Omega-3 Eicosapentaenoic Acid in Bipolar Depression: Report of a Small Open-Label Study
J Clin Psychiatry 2005;66(6):726-729
© Copyright 2015 Physicians Postgraduate Press, Inc.
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Introduction: Epidemiologic studies have
suggested that consumption of cold water fish oils may have some
protective function against depression. This proposition is
supported by a series of biochemical and pharmacologic studies
that have suggested that fatty acids may modulate
neurotransmitter metabolism and cell signal transduction in
humans and that abnormalities in fatty acid and eicosanoid
metabolism may play a causal role in depression. Aware of the
critical need for antidepression treatments that might not carry
the risk of precipitating a manic episode in bipolar patients, we
decided to conduct an open-label add-on trial of eicosapentaenoic
acid (EPA) in bipolar depression.
Method: Twelve bipolar I outpatients with
depressive symptoms diagnosed by DSM-IV were treated with 1.5 to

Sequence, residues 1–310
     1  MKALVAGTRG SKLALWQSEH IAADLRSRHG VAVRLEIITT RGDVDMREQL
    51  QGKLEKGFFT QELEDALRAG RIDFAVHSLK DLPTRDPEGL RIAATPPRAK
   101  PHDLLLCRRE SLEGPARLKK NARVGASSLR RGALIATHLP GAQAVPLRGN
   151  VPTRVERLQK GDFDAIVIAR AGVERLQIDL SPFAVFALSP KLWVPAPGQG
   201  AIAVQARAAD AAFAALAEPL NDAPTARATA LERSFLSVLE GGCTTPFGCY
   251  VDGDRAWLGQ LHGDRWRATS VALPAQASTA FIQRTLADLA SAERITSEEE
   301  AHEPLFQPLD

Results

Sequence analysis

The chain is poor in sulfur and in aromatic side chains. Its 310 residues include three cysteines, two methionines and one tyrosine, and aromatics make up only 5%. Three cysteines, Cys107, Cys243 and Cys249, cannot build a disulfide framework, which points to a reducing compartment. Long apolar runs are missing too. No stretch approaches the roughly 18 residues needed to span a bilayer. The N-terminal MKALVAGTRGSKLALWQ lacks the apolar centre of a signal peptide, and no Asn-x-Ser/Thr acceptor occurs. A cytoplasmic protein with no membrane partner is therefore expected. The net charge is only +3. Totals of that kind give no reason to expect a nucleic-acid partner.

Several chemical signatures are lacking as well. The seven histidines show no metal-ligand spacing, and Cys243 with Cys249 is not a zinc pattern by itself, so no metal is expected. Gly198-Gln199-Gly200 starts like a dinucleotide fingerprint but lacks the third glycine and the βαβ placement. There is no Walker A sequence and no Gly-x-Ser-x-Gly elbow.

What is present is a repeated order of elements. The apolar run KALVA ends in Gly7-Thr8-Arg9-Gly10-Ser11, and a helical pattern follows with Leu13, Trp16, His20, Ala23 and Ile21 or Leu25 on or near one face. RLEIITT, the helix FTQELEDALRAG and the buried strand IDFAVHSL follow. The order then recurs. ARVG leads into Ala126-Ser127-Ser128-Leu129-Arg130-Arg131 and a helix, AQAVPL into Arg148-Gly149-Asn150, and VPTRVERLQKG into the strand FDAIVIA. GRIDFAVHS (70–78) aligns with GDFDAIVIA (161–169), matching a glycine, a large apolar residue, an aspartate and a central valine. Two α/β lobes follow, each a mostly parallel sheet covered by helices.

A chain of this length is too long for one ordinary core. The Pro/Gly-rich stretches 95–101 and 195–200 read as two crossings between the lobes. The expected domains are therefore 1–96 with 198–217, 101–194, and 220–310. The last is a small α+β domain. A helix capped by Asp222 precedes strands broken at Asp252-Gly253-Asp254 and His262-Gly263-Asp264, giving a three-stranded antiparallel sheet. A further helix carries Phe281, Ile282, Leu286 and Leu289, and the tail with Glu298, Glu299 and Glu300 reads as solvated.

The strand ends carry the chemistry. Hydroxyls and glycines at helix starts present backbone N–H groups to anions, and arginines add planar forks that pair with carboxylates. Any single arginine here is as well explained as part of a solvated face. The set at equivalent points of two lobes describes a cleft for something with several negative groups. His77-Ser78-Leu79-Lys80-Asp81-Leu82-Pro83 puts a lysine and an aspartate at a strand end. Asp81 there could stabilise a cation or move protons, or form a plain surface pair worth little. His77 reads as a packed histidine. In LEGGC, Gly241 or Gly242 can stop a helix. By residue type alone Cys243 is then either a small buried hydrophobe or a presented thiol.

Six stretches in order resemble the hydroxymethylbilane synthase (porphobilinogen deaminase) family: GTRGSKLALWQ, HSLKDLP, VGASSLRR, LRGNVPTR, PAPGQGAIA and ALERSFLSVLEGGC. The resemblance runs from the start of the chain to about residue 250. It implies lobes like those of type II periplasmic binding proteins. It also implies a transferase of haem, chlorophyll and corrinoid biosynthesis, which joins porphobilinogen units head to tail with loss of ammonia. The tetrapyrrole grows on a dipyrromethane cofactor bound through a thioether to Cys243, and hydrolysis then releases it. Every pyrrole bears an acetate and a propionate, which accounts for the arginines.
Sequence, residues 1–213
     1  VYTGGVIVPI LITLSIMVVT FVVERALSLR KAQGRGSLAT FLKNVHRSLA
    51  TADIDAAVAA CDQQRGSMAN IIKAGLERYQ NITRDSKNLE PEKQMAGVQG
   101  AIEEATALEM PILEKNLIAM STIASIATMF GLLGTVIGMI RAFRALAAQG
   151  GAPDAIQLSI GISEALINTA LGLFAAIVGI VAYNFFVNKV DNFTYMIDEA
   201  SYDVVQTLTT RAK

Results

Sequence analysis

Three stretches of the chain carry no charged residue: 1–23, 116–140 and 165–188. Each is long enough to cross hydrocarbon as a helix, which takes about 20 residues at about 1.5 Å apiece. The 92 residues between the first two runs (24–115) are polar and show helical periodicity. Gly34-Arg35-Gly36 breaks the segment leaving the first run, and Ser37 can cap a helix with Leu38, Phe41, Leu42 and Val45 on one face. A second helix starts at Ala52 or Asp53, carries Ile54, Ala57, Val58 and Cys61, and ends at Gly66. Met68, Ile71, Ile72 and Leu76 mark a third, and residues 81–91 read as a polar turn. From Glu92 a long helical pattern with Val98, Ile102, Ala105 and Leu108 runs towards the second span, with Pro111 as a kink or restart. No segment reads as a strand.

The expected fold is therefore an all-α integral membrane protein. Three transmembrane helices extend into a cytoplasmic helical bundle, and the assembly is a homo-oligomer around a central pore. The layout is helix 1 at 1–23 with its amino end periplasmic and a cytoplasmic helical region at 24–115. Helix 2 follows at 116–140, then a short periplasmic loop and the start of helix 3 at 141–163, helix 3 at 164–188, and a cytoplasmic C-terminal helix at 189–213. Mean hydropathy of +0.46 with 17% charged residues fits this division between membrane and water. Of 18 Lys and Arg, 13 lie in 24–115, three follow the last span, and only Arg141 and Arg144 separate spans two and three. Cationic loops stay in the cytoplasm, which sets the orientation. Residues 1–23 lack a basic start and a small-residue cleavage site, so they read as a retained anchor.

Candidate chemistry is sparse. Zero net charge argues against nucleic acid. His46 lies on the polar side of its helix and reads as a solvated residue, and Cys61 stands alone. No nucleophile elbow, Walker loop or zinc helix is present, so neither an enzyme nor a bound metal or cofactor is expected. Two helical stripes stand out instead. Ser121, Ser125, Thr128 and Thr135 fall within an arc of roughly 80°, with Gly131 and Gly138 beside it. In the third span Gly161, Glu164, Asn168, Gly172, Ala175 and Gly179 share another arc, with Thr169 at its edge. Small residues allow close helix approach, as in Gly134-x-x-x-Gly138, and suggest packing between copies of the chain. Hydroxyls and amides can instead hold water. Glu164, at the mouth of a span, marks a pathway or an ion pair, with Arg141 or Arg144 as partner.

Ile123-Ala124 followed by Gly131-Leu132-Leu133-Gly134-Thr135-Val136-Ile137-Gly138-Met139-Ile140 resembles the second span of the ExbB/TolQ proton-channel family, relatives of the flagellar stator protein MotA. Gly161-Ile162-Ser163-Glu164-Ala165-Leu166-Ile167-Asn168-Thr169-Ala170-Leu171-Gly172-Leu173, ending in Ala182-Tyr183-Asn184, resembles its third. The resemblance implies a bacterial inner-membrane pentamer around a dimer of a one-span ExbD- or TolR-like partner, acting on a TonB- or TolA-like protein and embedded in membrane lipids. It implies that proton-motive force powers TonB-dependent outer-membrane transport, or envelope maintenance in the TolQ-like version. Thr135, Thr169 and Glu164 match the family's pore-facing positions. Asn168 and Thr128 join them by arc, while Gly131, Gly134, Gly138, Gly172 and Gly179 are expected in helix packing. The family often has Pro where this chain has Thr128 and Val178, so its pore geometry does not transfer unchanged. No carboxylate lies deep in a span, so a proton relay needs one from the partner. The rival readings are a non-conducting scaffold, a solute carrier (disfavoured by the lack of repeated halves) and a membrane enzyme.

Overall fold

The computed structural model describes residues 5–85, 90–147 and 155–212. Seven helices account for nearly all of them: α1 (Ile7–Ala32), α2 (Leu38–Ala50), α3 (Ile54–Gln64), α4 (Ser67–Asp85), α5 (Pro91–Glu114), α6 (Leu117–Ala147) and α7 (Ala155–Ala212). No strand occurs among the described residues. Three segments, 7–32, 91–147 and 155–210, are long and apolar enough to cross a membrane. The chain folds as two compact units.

2 g/day of the omega-3 fatty acid EPA for up to 6 months. The
study was conducted between September 2001 and January 2003.
Results: Eight of the 10 patients who
completed at least 1 month of follow-up achieved a 50% or greater
reduction in Hamilton Rating Scale for Depression scores within 1
month. No patients developed hypomania or manic symptoms. No
significant side effects were reported.
Limitations: This study is limited both
by the open-label design and by the small sample size. As in all
previous reported studies, patients in this study were treated in
an outpatient setting, so that the most severely depressed
bipolar patients (requiring hospitalization) are not represented.
Conclusions: Although the ultimate
utility of omega-3 fatty acids in bipolar depression is still an
open question, we believe that these initial results are
encouraging, especially for mild to moderate bipolar depression,
and justify the continuing exploration of its use.